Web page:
2019 started out with one of the most indelible images in tennis, with 37-year-old GOAT legends Roger Federer and Serena Williams facing off in a mixed doubles match at the Hopman Cup. The tournament is a rare competition that features mixed doubles as a prominent draw for the event.
Images of Serena and Federer went viral on New Year’s Day, as Team Switzerland and Team USA battled each other. Watching the on-court interviews with Federer and Serena together and their viral selfie was a historic moment in tennis history.
The camaraderie between the sexes and countries is a testament to the global and all-inclusive spirit of tennis that the Hopman Cup specializes in. But the future of the Hopman Cup is under threat, to make way for the new, all-men’s ATP Cup, in January of next year.
The ATP Cup is rumoured to take place in Perth (as the third city), the home for the Hopman Cup for 31 years. It would be a tragic shame to dismiss such a unique staple on the tennis circuit. Hopman Cup has been for the best men’s and women’s players in the world.
“Men and women, we share a lot of tournaments together, but it’s not the same as when you play each other or share the same court,” Federer said, the reigning champion for Team Switzerland, and holds a record three titles here.
“So I think the players have always enjoyed this event. ” The event has a special place in several players’ hearts. "Obviously it would be heartbreaking," Serena Williams said, who was very surprised by the news, that this may have been the last year of the event.
Angelique Kerber—a finalist along with teammate ‘Sascha’ Zverev—felt the same. "I really love the tournament," she said. "We all will be sad that it is the last time at Hopman Cup. "Playing here as a team with your partner, playing the mixed which is exciting, I will miss it."
Getting rid of the only high-profile mixed doubles event to make way for the ATP Cup seems to send a very poor message to the all-inclusive spirit of the sport. The numbers justify keeping Hopman as well, judging by the record attendance this year, which reached 110,364, with many days sold out.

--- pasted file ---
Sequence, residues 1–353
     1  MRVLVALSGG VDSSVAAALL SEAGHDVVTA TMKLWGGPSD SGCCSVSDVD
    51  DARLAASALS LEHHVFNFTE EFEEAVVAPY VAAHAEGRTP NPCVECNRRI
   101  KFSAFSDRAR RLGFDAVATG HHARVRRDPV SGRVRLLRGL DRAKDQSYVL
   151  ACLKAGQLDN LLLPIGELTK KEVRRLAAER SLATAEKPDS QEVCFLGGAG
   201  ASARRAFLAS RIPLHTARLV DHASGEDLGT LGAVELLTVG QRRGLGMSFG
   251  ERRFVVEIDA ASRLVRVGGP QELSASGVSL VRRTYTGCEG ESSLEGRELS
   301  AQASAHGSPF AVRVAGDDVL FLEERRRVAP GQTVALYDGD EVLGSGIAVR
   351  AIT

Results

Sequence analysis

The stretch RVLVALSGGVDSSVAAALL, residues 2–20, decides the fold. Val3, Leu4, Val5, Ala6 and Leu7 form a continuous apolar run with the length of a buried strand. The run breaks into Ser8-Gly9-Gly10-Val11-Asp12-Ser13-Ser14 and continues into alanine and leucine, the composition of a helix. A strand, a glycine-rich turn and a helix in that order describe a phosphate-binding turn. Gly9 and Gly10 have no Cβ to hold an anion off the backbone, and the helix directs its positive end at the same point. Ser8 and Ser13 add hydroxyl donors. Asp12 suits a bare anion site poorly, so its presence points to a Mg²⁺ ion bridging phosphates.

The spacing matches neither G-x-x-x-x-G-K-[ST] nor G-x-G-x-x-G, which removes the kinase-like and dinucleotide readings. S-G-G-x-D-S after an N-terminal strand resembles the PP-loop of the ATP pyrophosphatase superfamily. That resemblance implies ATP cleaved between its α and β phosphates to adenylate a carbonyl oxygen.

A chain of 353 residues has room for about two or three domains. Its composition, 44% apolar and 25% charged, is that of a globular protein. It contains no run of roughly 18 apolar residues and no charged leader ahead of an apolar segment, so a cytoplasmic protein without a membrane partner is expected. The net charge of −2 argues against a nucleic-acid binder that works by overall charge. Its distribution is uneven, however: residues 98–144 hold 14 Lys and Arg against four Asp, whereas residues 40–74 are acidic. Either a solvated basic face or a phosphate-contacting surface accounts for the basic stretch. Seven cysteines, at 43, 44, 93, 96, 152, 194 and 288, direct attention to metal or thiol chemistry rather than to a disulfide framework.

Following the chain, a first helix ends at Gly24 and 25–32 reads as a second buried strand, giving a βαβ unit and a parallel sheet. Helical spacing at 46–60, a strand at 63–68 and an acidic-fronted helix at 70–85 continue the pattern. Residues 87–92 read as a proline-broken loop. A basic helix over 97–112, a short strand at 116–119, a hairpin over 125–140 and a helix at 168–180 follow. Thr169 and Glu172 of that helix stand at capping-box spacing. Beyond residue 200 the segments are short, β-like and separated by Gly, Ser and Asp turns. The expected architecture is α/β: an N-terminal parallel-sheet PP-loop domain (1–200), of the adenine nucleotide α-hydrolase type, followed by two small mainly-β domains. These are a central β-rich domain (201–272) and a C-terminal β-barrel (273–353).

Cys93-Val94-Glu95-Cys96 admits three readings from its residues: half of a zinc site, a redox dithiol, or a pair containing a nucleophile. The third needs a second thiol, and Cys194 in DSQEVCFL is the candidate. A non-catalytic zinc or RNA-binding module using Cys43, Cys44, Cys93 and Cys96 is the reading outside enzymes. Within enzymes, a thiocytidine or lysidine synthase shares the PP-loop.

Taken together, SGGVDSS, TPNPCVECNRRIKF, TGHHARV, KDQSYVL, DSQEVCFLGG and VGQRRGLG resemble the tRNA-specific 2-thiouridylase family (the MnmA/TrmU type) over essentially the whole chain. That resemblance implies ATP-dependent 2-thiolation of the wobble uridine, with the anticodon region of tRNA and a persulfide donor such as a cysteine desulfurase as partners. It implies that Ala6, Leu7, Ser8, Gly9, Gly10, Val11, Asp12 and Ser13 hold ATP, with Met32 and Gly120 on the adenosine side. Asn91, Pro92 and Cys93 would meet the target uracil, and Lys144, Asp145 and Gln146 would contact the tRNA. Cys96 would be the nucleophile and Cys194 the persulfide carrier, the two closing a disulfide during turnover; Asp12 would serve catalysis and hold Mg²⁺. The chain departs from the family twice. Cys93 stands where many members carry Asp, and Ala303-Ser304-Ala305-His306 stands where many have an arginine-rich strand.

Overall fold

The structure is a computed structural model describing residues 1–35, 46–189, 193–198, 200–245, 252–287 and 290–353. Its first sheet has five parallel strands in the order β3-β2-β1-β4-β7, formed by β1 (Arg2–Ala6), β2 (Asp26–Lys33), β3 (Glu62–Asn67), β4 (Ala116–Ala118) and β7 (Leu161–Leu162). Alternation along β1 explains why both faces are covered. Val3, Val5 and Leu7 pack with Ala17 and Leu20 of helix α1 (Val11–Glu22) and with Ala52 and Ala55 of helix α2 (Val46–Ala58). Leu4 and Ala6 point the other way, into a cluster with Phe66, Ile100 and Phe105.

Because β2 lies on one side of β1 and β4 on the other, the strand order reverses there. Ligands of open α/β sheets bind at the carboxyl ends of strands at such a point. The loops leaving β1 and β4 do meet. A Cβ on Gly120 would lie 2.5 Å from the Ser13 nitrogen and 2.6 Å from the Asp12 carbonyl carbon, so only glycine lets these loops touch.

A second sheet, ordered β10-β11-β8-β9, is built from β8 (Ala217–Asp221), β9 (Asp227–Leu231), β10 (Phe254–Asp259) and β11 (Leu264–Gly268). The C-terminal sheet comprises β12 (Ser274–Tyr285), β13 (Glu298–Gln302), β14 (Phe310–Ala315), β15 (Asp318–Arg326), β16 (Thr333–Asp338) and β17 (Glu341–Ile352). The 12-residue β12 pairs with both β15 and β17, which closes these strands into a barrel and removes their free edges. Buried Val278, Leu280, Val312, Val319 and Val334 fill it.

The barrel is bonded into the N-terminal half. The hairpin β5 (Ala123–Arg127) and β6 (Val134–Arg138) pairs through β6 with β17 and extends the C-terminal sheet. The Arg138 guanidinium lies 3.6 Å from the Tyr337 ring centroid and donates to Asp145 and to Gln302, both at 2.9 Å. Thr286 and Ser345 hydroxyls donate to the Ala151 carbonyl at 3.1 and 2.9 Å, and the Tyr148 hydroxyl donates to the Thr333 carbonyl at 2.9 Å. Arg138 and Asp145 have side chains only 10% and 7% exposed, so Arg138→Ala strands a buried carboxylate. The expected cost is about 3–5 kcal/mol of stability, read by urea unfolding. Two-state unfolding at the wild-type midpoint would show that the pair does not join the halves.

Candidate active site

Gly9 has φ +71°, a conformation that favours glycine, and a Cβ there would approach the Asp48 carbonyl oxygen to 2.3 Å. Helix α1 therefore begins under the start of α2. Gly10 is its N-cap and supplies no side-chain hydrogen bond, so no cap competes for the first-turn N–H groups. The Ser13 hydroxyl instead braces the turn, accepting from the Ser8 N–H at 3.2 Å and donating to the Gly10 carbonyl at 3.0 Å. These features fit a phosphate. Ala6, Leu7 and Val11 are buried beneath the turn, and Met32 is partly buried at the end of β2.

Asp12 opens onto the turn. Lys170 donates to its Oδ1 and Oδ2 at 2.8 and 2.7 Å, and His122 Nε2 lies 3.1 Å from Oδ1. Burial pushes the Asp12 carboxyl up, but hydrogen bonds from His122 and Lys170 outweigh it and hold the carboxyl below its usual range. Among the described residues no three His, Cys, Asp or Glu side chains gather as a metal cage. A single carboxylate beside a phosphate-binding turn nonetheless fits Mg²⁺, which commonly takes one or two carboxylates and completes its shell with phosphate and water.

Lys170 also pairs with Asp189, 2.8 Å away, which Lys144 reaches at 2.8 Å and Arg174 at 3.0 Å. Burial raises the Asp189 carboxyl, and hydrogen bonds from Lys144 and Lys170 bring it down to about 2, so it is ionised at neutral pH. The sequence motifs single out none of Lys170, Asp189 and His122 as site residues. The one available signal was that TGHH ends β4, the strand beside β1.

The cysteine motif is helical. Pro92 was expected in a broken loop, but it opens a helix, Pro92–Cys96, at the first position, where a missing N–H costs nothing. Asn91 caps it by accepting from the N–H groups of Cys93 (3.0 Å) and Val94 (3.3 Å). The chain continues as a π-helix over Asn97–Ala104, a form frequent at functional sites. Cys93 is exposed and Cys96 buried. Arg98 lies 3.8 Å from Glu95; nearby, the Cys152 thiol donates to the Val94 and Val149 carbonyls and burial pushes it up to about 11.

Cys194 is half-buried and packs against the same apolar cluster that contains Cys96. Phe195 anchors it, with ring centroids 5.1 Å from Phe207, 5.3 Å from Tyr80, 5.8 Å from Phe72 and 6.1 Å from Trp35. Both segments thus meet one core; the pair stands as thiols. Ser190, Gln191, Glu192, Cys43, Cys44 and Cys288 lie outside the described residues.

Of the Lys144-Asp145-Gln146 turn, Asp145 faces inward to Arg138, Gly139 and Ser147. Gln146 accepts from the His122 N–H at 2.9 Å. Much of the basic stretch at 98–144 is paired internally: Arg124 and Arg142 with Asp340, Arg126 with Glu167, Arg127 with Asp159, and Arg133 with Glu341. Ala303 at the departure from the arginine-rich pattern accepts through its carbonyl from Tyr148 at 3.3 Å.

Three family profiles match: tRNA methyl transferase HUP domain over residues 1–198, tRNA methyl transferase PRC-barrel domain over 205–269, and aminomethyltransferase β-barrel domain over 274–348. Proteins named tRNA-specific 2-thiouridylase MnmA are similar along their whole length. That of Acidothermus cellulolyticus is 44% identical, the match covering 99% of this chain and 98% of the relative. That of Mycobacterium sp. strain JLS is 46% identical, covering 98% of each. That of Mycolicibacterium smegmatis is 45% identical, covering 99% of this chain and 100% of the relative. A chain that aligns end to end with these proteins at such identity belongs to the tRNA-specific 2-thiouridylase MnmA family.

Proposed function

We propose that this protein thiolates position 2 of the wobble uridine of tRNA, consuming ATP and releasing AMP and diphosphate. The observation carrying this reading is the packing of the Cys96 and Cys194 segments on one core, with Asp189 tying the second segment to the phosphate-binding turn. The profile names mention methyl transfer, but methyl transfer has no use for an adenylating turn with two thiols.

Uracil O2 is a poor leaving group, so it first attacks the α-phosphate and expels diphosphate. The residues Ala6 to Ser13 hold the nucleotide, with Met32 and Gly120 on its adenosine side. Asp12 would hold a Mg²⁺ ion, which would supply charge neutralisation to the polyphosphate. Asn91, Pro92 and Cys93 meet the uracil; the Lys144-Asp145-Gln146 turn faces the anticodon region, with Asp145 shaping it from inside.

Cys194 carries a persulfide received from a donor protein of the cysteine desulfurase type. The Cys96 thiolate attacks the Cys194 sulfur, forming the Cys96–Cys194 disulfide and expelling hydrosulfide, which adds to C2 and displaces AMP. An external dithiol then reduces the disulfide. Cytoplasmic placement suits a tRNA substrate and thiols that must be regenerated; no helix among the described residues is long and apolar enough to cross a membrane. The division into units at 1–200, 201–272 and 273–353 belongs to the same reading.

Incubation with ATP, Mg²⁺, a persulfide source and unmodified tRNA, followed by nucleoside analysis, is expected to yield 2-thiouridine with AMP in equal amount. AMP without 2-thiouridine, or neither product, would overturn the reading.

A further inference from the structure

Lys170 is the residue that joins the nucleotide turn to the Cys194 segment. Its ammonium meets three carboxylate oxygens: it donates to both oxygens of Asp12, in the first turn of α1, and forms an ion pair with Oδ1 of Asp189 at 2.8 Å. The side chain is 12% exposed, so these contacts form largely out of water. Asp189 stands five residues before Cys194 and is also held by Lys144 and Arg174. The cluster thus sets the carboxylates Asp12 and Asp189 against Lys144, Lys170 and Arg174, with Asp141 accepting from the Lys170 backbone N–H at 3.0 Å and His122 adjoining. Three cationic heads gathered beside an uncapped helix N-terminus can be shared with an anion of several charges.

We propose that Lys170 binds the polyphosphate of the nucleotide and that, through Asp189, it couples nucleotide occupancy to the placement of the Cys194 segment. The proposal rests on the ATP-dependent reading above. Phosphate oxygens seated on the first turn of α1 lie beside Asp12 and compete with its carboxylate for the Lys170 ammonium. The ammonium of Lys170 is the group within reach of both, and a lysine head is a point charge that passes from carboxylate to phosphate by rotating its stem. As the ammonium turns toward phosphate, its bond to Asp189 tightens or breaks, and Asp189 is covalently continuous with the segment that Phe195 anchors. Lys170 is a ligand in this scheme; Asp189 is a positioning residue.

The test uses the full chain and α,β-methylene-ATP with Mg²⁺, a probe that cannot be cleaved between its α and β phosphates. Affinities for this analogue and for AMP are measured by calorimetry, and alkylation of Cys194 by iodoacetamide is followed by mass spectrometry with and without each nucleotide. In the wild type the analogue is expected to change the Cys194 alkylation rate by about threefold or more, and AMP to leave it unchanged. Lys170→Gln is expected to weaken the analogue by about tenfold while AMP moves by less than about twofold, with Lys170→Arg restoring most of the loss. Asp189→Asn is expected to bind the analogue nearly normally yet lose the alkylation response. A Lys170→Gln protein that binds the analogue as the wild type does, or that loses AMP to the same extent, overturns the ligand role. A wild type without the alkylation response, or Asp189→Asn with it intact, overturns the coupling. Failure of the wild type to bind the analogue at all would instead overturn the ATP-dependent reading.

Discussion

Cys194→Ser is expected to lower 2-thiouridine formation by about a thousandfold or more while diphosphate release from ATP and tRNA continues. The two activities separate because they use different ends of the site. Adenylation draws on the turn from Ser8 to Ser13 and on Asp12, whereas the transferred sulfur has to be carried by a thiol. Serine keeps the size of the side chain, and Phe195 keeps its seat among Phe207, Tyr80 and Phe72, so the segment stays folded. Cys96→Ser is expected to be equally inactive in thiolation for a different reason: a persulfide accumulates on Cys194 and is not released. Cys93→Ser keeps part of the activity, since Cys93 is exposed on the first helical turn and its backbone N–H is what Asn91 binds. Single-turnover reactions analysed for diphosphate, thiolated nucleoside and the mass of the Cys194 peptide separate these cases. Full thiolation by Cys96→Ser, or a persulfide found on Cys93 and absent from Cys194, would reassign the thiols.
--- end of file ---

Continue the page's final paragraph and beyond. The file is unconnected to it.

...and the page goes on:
"We had an unbelievable event here for so many years -- the Hopman Cup has been very successful from a player's viewpoint," Federer said about the 31-year event. "The players have always enjoyed this event, so let's hope it continues in some shape and form.
"Where and how and what, honestly I don't know," he added. Hopman Cup is sanctioned by the International Tennis Federation (ITF) and managed by Tennis Australia. The ITF president, David Haggerty, has said he hopes to see the event continue and for Tennis Australia to keep managing Hopman through their contracted time, 2022.
“We’re just excited to continue to see Hopman Cup through because it is a great way to have the men and women playing,” said Haggerty, who lead the effort to revamp the Davis Cup, a controversially unpopular move in the tennis community, and at odds with Tennis Australia, among other tennis associations.
"That would be the worst thing ever," Frenchwoman Alize Cornet said when asked about it in Perth. "Losing the Hopman Cup after losing Davis Cup and everything that is happening with the ITF, I think it's a big shame.
"I think people, what they enjoy about this competition, is the fact that it's mixed. "It's just a unique and special competition and losing it, I would be very sad." Team Australia is turning its effort to the ATP Cup, which seems to also be at odds with the overhauled Davis Cup.
“If ever there was a case for the Hopman Cup continuing, whatever that means, we saw it the other night,” said Paul McNamee, co-founder of the tournament, in Perth Now.
The @hopmancup was a great moment for the sport of tennis. Wonderful to see men and women playing together, as they do in @WorldTeamTennis. 🎾 https://t.co/jX45ksaryn — Billie Jean King (@BillieJeanKing) 3 January 2019
“Charlie Fancutt and I and Pat Cash, when we started it, we believed Perth was the right place and we have received enormous support there. “Of course I’d like to see it stay in Perth, but I would like to see it stay as a tournament.
“If Perth has the ATP Cup, it’s going to have great tennis. “If the Hopman Cup is played in another city and that city warms to it as much as Perth did, that’s terrific”. With so little funding in tennis going towards mixed doubles nowadays, the Hopman Cup presents a truly special, relaxed, and joyous start to the tennis calendar in Australia. This is a gem that should be not displaced.